New England Soccer Today

Okoli, Rowe Homecomings Spoiled

Photo credit: New England Revolution

Photo credit: New England Revolution

It’s safe to say that Sunday’s sound defeat at CenturyLink Field wasn’t the kind of homecoming that Revolution players – and Federal Way, Wash. natives – Sean Okoli and Kelyn Rowe had in mind leading up to the contest.

For Rowe, whose last appearance in Seattle as a member of the visiting side came in 2013, the return was a mixed bag for him personally. While he nearly put the Revolution on the board in the 40th minute on a screaming shot, ex-Revolution midfielder Clint Dempsey stole the show with two goals for the hosts.

“It’s great, obviously,” Rowe told the media about playing in his home state. “It wasn’t the homecoming I wanted.”

Rowe got the start on the left side of the midfield, and went the full 90 before a host of friends and family, many of whom bought a number of tickets well in advance of the occasion.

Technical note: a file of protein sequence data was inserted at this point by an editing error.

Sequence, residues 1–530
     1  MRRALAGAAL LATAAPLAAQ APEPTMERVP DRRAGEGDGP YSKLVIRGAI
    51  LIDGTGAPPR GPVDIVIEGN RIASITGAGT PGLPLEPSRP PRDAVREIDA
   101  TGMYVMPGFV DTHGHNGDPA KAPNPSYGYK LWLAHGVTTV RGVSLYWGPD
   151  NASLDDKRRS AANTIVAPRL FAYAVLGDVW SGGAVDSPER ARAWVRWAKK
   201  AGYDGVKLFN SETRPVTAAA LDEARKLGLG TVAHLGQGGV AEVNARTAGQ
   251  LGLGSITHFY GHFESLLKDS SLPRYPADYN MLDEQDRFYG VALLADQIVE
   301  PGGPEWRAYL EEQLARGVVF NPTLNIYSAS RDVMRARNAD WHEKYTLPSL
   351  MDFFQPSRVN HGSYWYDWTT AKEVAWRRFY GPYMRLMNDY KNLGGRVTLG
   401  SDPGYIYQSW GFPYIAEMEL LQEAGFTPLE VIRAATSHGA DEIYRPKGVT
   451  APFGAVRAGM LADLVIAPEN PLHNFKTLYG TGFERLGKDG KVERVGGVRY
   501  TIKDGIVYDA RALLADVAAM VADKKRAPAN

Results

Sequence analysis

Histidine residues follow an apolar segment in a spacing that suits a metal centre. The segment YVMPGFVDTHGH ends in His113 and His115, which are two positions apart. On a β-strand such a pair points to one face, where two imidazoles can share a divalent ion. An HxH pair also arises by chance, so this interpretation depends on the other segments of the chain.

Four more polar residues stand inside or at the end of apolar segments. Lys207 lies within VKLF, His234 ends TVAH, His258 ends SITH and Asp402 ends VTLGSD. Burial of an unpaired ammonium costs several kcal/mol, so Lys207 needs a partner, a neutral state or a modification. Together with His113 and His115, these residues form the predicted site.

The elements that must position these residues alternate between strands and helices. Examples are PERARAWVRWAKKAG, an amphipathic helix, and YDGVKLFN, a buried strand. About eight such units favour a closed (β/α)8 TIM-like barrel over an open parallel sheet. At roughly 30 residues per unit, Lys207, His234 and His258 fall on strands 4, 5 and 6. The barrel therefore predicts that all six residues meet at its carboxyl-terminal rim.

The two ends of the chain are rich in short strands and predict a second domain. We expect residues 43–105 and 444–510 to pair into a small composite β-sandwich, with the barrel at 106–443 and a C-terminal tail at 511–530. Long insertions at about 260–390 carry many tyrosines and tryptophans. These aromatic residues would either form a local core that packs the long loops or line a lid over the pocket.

During the course of Rowe’s night, he completed 78.1 percent of his passes, and launched a team-high six crosses in the hopes of unlocking the Sounders’ defensive front. Of course, the biggest moment for Rowe was the shot that forced Stefan Frei to make a spectacular save.

Okoli, who was competing with the likes of Charlie Davies and Juan Agudelo for minutes up top during the preseason, not only made the gameday roster, but also saw the pitch as a 67th minute substitute. With the Sounders comfortable to sit back holding a three-goal advantage late, the 21-year-old striker only collected five passes in 22 minutes of action.

“I thought they moved pretty well, credit to them,” Rowe said of Seattle’s performance. “It’s the first game of the year, and there are still some little quirks we need to figure out.”

Although the local kids couldn’t steer the Revolution to victory, Rowe was happy to have the chance to perform in front of a number of familiar faces.

“It’s always nice to play in front of family and friends who can’t make it out to Boston because it’s a far trip,” Rowe said. “People I have coached growing up and kids that I played with, it’s fun to do.”

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